What kinds of people do investment bankers marry?

Asked by j_s_b over 5 years ago

I love this question. Indeed, who DO these douches choose as lifemates? And who chooses them??? I'll do my best to answer, with one disclaimer: I can only speak in regard to male bankers, because I didn't meet enough spouses of female bankers to observe any trends.

Male bankers who I worked with tended to have spouses who fell into one of two categories:

1) TROPHY WIVES. No surprises here. Many bankers, especially more senior guys (age 35+) were quick to trot out their blonde, statuesque wives to company parties, where the latter would smile brightly and say virtually nothing. Think Betty Draper. I wish I were exaggerating, given how cliched that sounds. I was naturally curious when observing this, and with a little digging and selective eavesdropping, learned that most of the trophies were housewives whose responsibilities included raising the children (with the help of an army of nannies), working out, and looking perfect in public. I got the impression (again, keeping my ears open during many backroom conversations) that these bankers simply wanted an "easy" spouse – someone who would take care of everything on the home-front and not give her husband too much grief during non-working hours. I guess for some men, the idea of a happy marriage is "I work 80+ hours a week and make us rich, so just shut up and look pretty." (The great irony, of course, is that these guys were some of the biggest adulterers imaginable. But I digress.)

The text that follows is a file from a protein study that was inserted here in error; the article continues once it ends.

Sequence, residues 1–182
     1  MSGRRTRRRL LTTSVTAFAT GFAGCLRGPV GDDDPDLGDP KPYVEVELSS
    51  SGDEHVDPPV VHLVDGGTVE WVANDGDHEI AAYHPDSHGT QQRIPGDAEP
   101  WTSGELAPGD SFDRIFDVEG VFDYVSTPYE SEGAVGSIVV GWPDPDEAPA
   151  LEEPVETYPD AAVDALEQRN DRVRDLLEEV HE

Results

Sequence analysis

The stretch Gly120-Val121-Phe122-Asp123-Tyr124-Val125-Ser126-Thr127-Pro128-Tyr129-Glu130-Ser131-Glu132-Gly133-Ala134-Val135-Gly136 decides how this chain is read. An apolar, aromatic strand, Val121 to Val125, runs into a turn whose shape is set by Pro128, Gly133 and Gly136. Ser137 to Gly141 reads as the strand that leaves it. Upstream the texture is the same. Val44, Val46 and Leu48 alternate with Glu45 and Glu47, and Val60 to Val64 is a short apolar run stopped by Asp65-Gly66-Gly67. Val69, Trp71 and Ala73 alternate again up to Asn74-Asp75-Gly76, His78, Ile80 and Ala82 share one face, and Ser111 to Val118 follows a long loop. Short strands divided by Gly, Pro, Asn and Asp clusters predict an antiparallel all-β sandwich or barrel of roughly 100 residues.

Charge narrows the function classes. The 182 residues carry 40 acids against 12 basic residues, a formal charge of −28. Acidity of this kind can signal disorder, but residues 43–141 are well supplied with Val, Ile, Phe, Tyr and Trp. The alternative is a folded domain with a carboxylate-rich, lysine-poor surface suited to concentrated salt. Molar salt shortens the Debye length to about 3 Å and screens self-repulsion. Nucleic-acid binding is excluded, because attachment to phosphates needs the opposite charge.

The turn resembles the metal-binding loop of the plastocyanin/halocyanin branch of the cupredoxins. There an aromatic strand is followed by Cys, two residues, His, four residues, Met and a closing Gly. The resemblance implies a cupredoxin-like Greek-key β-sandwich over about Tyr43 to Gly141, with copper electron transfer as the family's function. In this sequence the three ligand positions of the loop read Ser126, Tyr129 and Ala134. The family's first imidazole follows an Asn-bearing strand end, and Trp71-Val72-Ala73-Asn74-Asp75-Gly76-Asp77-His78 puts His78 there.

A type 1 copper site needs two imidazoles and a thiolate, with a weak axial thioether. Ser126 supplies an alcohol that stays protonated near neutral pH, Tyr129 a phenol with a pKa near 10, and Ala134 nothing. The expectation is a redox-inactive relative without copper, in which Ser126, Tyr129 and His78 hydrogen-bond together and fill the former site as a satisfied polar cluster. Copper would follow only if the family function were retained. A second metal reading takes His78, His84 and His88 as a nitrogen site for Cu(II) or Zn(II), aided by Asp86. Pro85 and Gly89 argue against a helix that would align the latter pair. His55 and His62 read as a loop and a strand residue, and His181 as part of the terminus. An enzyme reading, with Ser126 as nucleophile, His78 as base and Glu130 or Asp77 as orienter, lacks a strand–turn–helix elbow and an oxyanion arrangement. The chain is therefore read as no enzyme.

2) HIGH ACHIEVERS. On the other hand, many bankers (usually the younger ones), went to a different extreme. Rather than looking for a Stepford wife, they married women who were also high achievers, e.g. doctors, lawyers, executives, or even other bankers. For these men, it was less about finding the perfect-looking wife, but rather, someone who was also highly ambitious, intellectually stimulating, and empathetic to the husband's crazy work schedule (because hers was crazy, too). The downside to these types of marriages, though, was that often these people would go days/weeks barely seeing one another.

Obviously there were exceptions, but those were the most prominent categories of banker spouses I observed. It was rare to meet a spouse who was just "regular." I never met a banker's spouse who went to Ohio State and was a schoolteacher in Westchester. They almost always fell into either the "beauty" or "ambition" extremes.

What kind of social life can bankers maintain keep with such crazy workweeks?

Asked by tracyM over 5 years ago

An unplannable, wildly inconsistent one. The difficulty in maintaining a social life while holding a banking job isn’t necessarily due to the sheer number of working hours, but rather, the unpredictability of schedule. For example, I may only work 60 hours per week on average, but I have almost no idea how those 60 hours will be distributed. This leads to quite a few cancelled dates and get-togethers, so you really have to make sure your friends and loved ones are fully aware of the nature of the job if you want them to tough it out with you.

Cliched as it sounds, bankers definitely subscribe to a “work hard, play hard” mentality. Even after a 16-hour day, if a 1-2 hour window presents itself, the bankers will forgo sleep for much-needed tequila shots. They’re pent up from the office lockdown and they’ve got money to blow.

Is there anything FUN about being a banker?

Asked by Paulene over 5 years ago

Fun? It's all in how you define it.

On a micro level, the luxuries and trappings of "being a banker" can make for fun situations, right out of the gate. Consider the life of a first-year analyst, fresh out of college. In a matter of months, he's gone from Natty Light to Dom Perignon, ramen to caviar, and bicycles to chauffeured town cars. I'm exaggerating (though not by much), but the point is that becoming endowed with such luxuries so abruptly and at such a young age, it's hard not become very intoxicated with all of it.